Grouches and Grumblers
Well, where did that year go?! You might have noticed that not many sermons have been put up on the website recently. That’s a combination of the unusual nature of advent (in which sermons are sometimes replaced with carols and reflections; Amnesty International work; nativities, gift sharing, singing Communions and even the odd bug-eating competition…it would have made sense if you were there…mostly!) and my inability to get far down the to do list at this time of year. So apologies for that. Below is a sermon that was offered on 11th December, after the church had danced along to the instructions of Black Lace’s Superman!
Readings: Isaiah 35:1-10; James 5:7-10
Advent is a time of contrasts and tensions. There’s the challenge of giving space for quiet reflection on the second coming of Christ when in the midst of commemorating the first; the focus on fun and celebration and joy at a time of year which can be most difficult for those who are ill, lonely or grieving; the emphasis on excess and spending money as a way of marking the birth of the one who spoke out against excesses of worldliness and instead called his followers to be excessive in their love of God and fellow human beings; and then there’s the timey-wimey, past and future nature of the advent lectionary readings…and the contrast between the two readings on this third Sunday of advent couldn’t be stronger.
In our first reading, Isaiah paints a picture of the parched land exulting, the desert blooming, the whole cosmos rejoicing. And just when it’s clear why this advent Sunday is called Gaudete Sunday – rejoicing Sunday – we come to James and his somewhat dreary reminder of the mundanity and daily grind of Christian living, telling us to be patient and stop grumbling. And part of me just loves that. Writing at a time when Christians were excited about Jesus’ return, fearful of persecution, divided over huge questions of doctrine and inspired by the fresh revelation of the holy spirit, James speaks to his fellow Christians with the words of a stressed parent on Christmas day who’s trying to persuade their child not to have a tantrum over the itchy Christmas jumper that grandma has knitted them or the extra spoonful of sprouts that’s been put on their plate by saying;
“Darling, don’t grumble.”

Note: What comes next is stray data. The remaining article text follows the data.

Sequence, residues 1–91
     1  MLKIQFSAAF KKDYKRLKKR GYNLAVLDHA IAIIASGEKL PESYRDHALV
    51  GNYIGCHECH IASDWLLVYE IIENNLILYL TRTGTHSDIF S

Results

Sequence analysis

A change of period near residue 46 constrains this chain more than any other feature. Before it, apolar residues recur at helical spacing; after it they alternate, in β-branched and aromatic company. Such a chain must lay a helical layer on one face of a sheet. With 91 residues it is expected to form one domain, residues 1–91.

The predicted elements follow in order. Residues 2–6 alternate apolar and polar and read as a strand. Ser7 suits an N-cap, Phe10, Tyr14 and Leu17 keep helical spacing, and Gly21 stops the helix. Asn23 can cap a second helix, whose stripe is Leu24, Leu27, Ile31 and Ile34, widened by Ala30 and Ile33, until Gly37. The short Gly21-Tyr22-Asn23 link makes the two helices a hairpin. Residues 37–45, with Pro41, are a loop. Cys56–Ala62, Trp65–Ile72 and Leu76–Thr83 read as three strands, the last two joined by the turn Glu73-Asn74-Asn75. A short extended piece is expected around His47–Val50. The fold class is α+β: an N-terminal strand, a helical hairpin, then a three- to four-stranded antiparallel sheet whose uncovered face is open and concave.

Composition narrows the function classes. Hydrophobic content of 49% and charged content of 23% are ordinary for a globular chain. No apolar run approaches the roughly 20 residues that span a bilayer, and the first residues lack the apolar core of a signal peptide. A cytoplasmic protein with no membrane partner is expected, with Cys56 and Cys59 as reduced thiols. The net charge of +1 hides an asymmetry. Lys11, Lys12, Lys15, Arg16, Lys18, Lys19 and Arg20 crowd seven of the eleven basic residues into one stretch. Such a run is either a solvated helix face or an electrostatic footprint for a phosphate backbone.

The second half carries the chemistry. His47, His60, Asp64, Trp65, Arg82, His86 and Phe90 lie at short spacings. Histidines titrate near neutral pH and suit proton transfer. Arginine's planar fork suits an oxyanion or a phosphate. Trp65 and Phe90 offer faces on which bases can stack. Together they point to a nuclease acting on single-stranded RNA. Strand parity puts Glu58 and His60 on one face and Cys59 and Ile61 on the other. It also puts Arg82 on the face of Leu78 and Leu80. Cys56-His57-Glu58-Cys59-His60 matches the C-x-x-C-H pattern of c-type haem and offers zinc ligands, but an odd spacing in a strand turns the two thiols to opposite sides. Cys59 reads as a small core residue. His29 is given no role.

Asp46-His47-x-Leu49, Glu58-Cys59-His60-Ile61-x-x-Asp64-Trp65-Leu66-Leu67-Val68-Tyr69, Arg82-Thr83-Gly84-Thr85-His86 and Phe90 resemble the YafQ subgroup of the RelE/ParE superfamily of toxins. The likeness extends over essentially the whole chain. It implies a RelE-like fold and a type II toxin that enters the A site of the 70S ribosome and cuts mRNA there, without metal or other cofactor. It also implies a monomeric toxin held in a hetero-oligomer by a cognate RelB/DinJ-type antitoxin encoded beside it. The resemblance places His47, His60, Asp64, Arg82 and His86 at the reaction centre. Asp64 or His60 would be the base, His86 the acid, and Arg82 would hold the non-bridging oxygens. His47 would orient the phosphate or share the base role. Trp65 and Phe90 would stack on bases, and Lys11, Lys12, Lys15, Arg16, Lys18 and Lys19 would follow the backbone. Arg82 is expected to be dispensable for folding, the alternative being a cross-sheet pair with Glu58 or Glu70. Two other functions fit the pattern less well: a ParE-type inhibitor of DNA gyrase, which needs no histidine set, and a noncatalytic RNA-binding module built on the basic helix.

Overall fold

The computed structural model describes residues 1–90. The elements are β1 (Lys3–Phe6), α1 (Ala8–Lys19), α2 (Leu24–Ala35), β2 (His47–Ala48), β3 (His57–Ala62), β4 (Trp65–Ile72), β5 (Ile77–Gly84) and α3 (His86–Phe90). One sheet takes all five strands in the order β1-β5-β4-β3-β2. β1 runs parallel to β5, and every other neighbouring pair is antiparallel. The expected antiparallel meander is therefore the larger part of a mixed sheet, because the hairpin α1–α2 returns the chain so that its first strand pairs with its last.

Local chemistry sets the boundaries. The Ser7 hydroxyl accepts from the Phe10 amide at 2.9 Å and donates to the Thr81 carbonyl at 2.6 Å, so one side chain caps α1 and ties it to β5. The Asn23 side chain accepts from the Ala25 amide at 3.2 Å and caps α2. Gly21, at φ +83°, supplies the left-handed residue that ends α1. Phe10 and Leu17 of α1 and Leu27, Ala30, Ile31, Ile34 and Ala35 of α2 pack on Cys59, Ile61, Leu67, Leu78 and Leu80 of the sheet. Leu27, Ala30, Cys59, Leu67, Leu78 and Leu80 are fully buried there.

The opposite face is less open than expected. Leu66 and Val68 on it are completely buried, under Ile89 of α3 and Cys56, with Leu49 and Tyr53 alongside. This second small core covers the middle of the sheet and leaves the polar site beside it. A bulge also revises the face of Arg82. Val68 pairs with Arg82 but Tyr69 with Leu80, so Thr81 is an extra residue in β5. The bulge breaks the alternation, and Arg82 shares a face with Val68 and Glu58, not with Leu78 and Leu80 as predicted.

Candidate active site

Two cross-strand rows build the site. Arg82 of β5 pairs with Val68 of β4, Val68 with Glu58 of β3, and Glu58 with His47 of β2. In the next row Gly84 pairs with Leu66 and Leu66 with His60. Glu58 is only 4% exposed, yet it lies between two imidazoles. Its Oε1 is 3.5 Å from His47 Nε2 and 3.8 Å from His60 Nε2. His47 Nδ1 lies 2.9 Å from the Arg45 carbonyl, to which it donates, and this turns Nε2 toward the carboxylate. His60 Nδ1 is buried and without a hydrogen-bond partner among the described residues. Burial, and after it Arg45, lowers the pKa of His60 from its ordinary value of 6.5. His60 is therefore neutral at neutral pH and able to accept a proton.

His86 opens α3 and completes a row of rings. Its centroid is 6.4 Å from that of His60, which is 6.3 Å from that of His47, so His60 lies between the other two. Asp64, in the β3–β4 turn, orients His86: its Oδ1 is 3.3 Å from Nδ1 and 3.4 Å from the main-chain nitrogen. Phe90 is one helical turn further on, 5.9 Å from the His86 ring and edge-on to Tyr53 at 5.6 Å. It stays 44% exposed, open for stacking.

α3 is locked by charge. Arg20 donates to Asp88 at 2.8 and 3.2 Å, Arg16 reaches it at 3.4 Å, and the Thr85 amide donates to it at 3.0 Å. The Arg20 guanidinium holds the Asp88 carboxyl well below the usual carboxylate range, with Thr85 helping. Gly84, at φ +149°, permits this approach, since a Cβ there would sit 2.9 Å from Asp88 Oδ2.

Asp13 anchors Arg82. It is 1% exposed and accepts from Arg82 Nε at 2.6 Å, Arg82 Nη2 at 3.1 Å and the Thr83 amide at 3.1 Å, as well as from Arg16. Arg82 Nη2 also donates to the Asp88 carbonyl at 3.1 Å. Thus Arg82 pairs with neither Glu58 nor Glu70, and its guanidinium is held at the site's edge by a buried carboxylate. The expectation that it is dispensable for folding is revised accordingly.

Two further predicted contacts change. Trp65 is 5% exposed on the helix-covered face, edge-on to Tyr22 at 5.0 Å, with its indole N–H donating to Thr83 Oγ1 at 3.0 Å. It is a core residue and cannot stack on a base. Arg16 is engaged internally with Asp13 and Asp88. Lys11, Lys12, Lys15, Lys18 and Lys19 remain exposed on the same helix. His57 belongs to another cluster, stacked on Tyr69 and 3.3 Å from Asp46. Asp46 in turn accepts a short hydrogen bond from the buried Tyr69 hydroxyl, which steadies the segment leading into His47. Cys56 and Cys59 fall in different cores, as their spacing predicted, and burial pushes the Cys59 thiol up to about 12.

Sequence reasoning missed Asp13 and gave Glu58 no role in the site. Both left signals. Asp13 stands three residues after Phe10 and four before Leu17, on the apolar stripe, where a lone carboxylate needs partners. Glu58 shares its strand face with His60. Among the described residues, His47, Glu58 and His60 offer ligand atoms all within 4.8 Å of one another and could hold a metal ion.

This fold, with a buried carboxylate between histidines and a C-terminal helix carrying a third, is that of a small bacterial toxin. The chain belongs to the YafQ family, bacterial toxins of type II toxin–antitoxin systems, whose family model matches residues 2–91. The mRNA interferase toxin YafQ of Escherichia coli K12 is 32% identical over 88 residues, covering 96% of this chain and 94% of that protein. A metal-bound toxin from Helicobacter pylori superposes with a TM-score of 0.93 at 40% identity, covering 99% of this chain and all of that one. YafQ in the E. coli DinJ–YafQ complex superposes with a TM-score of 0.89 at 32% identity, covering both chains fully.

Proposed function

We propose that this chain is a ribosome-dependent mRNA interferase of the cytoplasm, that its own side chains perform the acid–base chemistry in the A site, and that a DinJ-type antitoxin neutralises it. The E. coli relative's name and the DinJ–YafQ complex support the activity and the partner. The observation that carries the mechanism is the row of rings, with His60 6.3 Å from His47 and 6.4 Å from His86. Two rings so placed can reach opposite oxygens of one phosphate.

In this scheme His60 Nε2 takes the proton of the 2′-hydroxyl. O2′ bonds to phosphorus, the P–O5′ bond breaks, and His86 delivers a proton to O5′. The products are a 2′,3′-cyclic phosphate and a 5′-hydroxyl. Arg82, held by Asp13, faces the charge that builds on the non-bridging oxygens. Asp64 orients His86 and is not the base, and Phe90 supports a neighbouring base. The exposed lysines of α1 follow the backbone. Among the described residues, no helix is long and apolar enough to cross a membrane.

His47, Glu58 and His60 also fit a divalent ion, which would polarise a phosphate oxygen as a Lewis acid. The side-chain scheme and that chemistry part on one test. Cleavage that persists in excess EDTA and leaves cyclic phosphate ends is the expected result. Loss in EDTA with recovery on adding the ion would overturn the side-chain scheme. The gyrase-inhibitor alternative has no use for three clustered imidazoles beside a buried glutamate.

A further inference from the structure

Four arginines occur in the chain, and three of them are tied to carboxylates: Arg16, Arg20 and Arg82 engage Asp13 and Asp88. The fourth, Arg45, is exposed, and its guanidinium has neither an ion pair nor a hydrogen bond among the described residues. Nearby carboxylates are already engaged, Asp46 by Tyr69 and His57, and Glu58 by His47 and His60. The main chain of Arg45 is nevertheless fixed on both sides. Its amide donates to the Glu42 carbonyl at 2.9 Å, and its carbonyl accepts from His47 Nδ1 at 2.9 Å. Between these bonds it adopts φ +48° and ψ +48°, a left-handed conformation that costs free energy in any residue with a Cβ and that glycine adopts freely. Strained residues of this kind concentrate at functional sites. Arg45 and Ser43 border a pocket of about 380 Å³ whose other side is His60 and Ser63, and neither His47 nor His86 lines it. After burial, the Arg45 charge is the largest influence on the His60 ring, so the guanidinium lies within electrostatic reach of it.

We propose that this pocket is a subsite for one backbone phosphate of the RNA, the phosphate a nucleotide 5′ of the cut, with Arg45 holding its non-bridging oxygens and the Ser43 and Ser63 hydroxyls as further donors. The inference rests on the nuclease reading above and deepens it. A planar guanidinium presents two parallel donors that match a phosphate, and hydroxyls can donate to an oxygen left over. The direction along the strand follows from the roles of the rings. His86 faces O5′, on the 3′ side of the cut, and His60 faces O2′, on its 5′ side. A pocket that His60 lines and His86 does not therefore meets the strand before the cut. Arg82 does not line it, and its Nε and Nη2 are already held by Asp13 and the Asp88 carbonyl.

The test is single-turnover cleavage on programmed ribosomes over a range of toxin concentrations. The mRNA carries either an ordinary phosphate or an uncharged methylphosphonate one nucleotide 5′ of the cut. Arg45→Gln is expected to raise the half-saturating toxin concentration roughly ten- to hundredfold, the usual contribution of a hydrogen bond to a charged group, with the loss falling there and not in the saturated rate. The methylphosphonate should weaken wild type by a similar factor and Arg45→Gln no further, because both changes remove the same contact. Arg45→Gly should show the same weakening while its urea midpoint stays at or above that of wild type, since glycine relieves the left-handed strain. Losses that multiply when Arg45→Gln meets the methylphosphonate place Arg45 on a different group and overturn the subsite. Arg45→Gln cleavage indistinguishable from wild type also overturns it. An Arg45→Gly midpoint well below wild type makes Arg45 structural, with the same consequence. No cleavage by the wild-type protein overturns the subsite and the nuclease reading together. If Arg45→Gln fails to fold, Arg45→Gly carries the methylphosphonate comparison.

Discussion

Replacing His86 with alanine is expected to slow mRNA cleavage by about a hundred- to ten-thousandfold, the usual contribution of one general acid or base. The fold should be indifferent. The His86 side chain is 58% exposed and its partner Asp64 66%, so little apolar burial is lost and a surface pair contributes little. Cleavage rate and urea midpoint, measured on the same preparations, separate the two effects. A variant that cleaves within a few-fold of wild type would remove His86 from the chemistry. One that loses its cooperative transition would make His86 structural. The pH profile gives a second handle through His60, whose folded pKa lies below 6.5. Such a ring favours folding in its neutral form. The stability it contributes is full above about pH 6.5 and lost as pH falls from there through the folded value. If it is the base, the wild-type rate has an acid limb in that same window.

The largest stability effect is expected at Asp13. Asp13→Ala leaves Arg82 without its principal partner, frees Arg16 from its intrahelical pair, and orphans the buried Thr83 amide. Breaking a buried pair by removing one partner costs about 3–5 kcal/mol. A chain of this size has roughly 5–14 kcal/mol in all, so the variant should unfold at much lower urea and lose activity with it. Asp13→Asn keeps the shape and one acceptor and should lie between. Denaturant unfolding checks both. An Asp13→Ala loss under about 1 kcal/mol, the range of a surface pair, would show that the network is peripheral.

And with those words, my child like…or maybe childish…brain takes me to this guy…Mr Grumble. Perhaps not the best known of his clan, Mr Grumble nevertheless is another great creation of Roger Hargreaves. We are told that Mr Grumble hates singing and laughing and that he begins each day in the same old way;
“Bah!” he would grumble, every morning, when his alarm clock rang. “It’s the start of yet another horrible day.”
I did wonder about getting the book out and simply reading it through for the Mr Men and Little Miss books are perfect parables which wouldn’t be out of place in church but as I re-read those first few lines of Mr Grumpy, I was reminded about another cantankerous literary character who also cried out ‘Bah’, normally followed by a ‘humbug’ and who gets a lot of screen time at this time of year. I am, of course, thinking of Ebeneezer Scrooge, the prickly protagonist of the Charles Dickens classic, A Christmas Carol.
Ever since the story was published, in 1843, storytellers have interpreted and reinterpreted the tale through mice, musicals, melodrama and…my personal favourite…through muppets, so to tell the tale afresh to a new generation and we all know how it goes. Scrooge, the greatest grumbler of them all, gets a visit from his old partner, Jacob Marley, who warns Scrooge about his selfish ways before he gets taken to Christmases past, present and future by the appropriate ghosts.
Through the history and visions he witnesses, Scrooge’s whole outlook is thrown upside down leading him to turn his whole life around, share his wealth, see goodness in things previously ignored and, we are told, honouring Christmas in his heart all year round. It’s a conversion worthy of John the Baptist or Billy Graham and seeing as it’s nearly Christmas; seeing as James thought grumbling to be a matter of utmost seriousness for the Christian community, I hoped you would give me the good will this morning to take you on our own whistle-stop tour of Christmases past, present and future in the hope that it might remind us of another tale of the world being thrown upside down and lives being turned around that we’re to celebrate every day of the year. So let us fly off to Christmas past, present and future – and, being good non-conformists – let us begin with Christmas future.
“Strengthen the weak hands and make firm the feeble knees,” Isaiah tells us. “Say to those who are of a fearful heart, “Be strong, do not fear! Here is your God.”